Taberville Prairie

Location: St Clair County north of Taberville.

Owner/manager: Missouri Department of Conservation.


From the southwest at Interstate 44 exit 18: Go north on Highway 71 fifty-five miles to Highway 54 in Nevada and turn right. Go east on Highway 54 eighteen mile to Highway 82 in El Dorado Springs and turn left. Go north on Highway 82 three miles to where the road bends northeast and turn left on Route H. Go north on Route H eleven miles to a parking area for the preserve on the right. Free. No camping. Pets on leash.

Taberville Prairie at one time was the largest publicly accessible prairie in Missouri. It was acquired by the Missouri Department of Conservation in 1959 primarily to preserve Greater Prairie Chicken habitat. This large prairie has a small resident population of these birds, typically about fifty, and is full to the brim with rare plants, butterflies, grassland birds and mima mounds.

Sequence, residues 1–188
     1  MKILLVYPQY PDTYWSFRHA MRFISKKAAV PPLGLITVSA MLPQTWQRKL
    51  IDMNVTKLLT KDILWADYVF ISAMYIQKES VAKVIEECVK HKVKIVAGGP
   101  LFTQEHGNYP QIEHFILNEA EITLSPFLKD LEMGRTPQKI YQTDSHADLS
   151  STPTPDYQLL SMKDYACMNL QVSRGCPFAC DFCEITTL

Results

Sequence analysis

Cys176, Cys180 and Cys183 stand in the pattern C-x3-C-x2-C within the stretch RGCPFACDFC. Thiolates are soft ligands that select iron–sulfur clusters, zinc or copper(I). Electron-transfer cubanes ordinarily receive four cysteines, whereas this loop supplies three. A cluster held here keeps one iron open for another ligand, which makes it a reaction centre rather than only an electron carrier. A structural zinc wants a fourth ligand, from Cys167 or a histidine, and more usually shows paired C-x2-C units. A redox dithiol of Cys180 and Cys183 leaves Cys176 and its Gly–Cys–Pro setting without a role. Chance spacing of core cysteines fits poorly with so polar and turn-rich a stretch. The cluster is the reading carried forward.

Taberville Prairie is probably a good place to talk about Geocarpon minimum. Geocarpon minimum is indeed a minimal plant. It was first collected in 1913 by the botanicst Ernest J Palmer. That this plant was missed by the great wave of 19th century botanists who passed through Missouri is perhaps understandable – it is an annual not more than two inches tall and completes its life cycle in early spring in about a month. Geocarpon minimum is not only a rare plant but is also monotypic, a species that is the only member of its genus. It has succulent grey to red leaves and looks a bit like it should be growing in South Africa rather than Missouri. Geocarpon would appear to be at a disadvantage competing with the much taller grasses of the prairie and it survives in a niche environment, small shallow sandstone depressions that have a heavy concentration of magnesium salts. Such depressions are thought to be former Pleistocene lake beds which in a forest would eventually fill up with leaf litter but in grassland remain open through periodic fire. This particular prairie has a small population of this plant which no longer grows at its type locality in Jasper County. Within the public lands of Missouri Geocarpon minimum is found at only two other natural areas and one highway right-of-way. Including populations found on private land this plant is known to exist at about three dozen locations with the largest at Warren Prairie in Arkansas.